C1715 Oil Portrait of a Gentleman, Circle of Hyacinthe Rigaud, France (1659-1743)


Ex: Titan Fine Art, London. "Circle of" means by a contemporaneous painter within the orbit of the master, but not his pupil. Frame is 92.5cm, Width 76.5cm. The smooth glossy surface is characteristic of the period. Delicious!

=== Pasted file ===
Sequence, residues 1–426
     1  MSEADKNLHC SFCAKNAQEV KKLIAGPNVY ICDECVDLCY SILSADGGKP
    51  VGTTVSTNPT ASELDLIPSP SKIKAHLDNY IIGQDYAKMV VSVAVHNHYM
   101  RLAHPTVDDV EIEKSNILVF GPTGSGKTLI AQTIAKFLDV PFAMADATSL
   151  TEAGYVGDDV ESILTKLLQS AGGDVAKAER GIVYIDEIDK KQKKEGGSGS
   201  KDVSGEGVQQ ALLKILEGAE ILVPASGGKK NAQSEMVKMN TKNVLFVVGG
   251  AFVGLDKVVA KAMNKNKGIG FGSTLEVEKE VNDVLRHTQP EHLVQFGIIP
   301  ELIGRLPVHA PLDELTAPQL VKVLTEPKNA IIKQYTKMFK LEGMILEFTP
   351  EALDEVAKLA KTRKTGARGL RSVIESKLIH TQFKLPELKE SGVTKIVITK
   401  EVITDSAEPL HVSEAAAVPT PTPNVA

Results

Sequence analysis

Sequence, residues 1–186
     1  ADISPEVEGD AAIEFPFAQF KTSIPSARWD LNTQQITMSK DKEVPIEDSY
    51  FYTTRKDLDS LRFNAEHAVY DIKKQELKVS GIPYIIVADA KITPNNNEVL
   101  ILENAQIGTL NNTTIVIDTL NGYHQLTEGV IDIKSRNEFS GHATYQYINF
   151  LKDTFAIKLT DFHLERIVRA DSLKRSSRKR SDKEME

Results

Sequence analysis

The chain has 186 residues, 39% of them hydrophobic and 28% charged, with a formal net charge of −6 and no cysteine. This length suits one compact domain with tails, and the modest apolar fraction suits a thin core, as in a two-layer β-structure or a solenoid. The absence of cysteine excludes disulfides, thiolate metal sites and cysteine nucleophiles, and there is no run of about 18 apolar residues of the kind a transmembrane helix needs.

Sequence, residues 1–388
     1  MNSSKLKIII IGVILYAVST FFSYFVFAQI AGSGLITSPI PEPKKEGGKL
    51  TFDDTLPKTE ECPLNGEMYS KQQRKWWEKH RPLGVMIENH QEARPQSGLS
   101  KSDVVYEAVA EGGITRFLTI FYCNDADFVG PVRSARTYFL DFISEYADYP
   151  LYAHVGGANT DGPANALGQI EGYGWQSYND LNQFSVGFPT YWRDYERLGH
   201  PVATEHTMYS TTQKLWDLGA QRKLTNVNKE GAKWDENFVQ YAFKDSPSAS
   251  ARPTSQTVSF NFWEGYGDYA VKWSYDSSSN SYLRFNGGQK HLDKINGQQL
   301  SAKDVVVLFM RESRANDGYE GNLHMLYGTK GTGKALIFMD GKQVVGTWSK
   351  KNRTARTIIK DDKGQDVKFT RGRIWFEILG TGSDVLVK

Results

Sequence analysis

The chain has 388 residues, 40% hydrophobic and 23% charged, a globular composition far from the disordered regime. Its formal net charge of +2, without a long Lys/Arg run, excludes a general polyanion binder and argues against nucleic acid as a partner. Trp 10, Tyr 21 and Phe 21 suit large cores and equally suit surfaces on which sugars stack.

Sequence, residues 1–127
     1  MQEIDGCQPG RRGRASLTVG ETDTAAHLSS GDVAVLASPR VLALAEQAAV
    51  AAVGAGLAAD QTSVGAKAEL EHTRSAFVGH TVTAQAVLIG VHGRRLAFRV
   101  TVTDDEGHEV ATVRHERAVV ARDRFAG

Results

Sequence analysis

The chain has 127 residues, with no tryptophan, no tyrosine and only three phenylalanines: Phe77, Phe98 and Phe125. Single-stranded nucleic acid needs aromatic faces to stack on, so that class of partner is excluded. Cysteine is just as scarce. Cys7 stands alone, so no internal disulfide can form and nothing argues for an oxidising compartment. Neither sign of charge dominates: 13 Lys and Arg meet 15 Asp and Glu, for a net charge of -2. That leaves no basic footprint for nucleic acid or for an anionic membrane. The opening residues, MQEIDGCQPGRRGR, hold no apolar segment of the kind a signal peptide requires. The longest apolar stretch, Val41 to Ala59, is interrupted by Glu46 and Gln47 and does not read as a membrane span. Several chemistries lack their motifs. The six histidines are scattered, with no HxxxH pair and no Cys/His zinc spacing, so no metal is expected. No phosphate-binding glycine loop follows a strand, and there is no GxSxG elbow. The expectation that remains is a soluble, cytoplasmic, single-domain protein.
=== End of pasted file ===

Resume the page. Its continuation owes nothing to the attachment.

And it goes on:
Titan Art's description: Painted circa 1715 the subject is portrayed wearing a sumptuous cloak over a jacket and delicate lace frothing around the neck. Textiles, used for either home furnishings or dress, were important indicators of an individual's social rank in this period. In an age when only the wealthiest members of society could afford such expensive and fragile fabrics as silk, satin, and damask, both quality and quantity mattered. Only wealthy individuals could wear lace at this time, and fashion strictly controlled the style and the amount that was shown. European artist’s used drapery to convey wealth and power for centuries but it also offered an excuse to prove their virtuosity at rendering light, surface, and volume – something that Rigaud excelled in. The abundance of fabulous cloth in this painting is therefore an indicator of this man's wealth and importance. The handling of the paints and the detailing in the face is exemplary and illustrates the artist's consummate skill and ability to capture an exact likeness. This, along with the fine characterisation of the head, are hallmarks of the work of Rigaud. Housed in a fine gilt antique frame. Christened Hyacinthe François Honoré Mathias Pierre André Rigaud (baptised 18 July 1659 in Perpignan), Rigaud was, with Nicholas de Largillierre, the leading French portrait painter of the later 17th and early 18th centuries. He was the principal official painter of Louis XIV, and also worked for his successor, Louis XV. The images he created of these kings established patterns for the representation of monarchs that were influential throughout the courts of Europe in the 18th century. Rigaud trained at Montpellier by Paul Petzet and Antoine Ranc from 1671 onwards, before moving to Lyon four years later. It was in these cities that he became familiar with Flemish, Dutch and Italian painting, particularly that of Rubens, Van Dyck, Rembrandt and Titian, whose works he later collected. By 1681 he had settled in Paris and in 1682 he won the Prix de Rome at the French Academy in Rome, but never visited Italy. He was received into the Académie Royale de Peinture et de Sculpture in 1710, he rose to the top of this institution before retiring from it in 1735. He ran a prolific studio in Paris, devoting almost exclusively to court portraiture, where pupils assisted him with his commissions, which were predominantly members of the court and French nobility. Measurements: Height 92.5cm, Width 76.5cm framed (Height 36”, Width 30” framed)
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